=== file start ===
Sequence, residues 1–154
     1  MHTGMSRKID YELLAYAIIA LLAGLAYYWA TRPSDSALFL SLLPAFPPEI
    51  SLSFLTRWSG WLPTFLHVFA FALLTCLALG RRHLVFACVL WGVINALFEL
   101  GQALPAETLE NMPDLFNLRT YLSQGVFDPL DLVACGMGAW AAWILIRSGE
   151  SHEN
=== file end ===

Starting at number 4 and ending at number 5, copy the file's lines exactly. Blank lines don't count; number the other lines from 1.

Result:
   101  GQALPAETLE NMPDLFNLRT YLSQGVFDPL DLVACGMGAW AAWILIRSGE
   151  SHEN